Popular posts from this blog

Practice Hospitality

My mother-in-law, Jean, is an amazing person with many gifts.  One of the first things I noticed about her when I was but a young bride, was her gift of hospitality.  It was nothing for her to invite a large group of people over, make each one feel welcome, cook a big meal,and seemingly do it without stressing herself out.  I don't know if hospitality just came naturally to her or if she learned it.  In this picture you can see Jean throwing a party for a class she taught in Nigeria.  

I believe that for me it has been a learned skill.  My parents were hospitable and it wasn't unusual for us to have guests over (though usually not as many at a time as my mother-in-law would do!).  But when I started living on my own, I had to learn hospitality.  The first time I invited somebody over for a meal, the lid got stuck on the pot of vegetables, I put too much salt or soda or something in the muffins, and I forgot to serve milk and sugar with the hot drinks.  I've gotten much bett…

Graduation Season

It's the season for graduations!  Yesterday I attended two graduations.  Thankfully one was in the morning and one was in the evening.  There were differences and similarities.  

The morning graduation was at the flight controller and meteorologist training school.  Six of the graduates attended our Bible study regularly and a seventh came occasionally.  We grew to dearly love this group.  

The evening ceremony was at our MK school and all of the graduates this year were missionary kids and one pastor's kids; the majority of the missionary kids were from our mission.  So I've known most of these kids since they were little.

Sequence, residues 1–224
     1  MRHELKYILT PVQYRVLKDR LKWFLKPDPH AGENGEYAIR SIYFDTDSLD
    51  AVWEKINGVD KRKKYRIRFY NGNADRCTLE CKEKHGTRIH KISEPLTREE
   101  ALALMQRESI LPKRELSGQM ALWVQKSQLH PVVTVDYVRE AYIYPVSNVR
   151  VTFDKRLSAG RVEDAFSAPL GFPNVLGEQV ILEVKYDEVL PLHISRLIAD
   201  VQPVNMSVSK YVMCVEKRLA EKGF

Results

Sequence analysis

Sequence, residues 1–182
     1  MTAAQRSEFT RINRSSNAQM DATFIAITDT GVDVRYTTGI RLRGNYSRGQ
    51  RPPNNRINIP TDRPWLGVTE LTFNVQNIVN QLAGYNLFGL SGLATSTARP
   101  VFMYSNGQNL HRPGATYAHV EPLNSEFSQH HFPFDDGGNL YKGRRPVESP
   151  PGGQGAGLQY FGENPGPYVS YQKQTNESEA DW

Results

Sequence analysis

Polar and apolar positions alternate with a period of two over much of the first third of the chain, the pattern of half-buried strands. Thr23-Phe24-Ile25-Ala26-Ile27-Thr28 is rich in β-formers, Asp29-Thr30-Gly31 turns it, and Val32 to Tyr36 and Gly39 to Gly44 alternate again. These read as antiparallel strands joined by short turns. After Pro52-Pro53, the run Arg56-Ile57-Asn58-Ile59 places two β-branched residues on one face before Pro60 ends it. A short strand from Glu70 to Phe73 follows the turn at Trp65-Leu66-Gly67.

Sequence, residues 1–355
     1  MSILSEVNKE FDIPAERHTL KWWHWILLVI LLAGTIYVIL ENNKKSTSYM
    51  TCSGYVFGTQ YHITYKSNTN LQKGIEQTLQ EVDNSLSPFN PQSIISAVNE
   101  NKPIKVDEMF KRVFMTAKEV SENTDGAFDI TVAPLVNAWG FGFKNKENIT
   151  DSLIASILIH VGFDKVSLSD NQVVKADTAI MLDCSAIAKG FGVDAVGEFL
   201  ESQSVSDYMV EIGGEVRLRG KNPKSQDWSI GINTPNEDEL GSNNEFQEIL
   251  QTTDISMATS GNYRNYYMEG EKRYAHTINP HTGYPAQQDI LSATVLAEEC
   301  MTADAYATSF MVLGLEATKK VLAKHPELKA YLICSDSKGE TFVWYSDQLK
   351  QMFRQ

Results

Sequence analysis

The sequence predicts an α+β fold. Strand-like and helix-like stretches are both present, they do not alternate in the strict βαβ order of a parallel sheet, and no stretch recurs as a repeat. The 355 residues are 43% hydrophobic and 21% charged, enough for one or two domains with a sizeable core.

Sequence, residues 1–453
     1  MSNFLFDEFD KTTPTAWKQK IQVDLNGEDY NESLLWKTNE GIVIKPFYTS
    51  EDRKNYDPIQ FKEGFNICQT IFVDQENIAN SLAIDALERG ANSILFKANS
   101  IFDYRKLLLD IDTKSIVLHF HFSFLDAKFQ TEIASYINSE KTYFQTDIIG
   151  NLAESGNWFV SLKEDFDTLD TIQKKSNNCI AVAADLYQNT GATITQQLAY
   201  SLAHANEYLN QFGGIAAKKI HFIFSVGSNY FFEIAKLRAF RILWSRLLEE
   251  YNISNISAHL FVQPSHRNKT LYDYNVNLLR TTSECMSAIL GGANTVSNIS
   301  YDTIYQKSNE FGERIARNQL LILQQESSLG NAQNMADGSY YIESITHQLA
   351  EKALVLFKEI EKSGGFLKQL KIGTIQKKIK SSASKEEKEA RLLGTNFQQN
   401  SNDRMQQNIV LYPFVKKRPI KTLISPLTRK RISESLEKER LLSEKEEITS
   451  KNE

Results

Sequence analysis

The similarities were:
1.  Both groups were fairly small (30 for the flight controller school and 13 for our mission school).  Both groups were very close to each other; at the flight controller school they have all classes together and live in dorms together for 14 months with only a few days off and no real vacations; at the mission school the kids have …

Beyond Our Ability to Endure

I've been working on our home assignment audio-visual presentation.  It's been a lot of work, especially since it requires sorting through hundreds of pictures to choose the ones we want to use.  I was hoping to put together something that would be really "Wow!"  Well, in the end it's just a power point with some music and a few slides coming in with a fancy spin.  But it's our story, and our story is nothing more than God's story when it comes right down to it.  In fact, I have used Big Daddy Weave's song, My Story in part of the presentation.  If you're not familiar with the song, you can listen to it here
As I looked over the past four years of this term there were days that we felt we had reached our ability to endure.  We started the term in July 2013 and we were still recovering from the flood of 2012.  We have all of our "normal" stresses such as living in an extremely hot climate, living in the poorest country of the world, livi…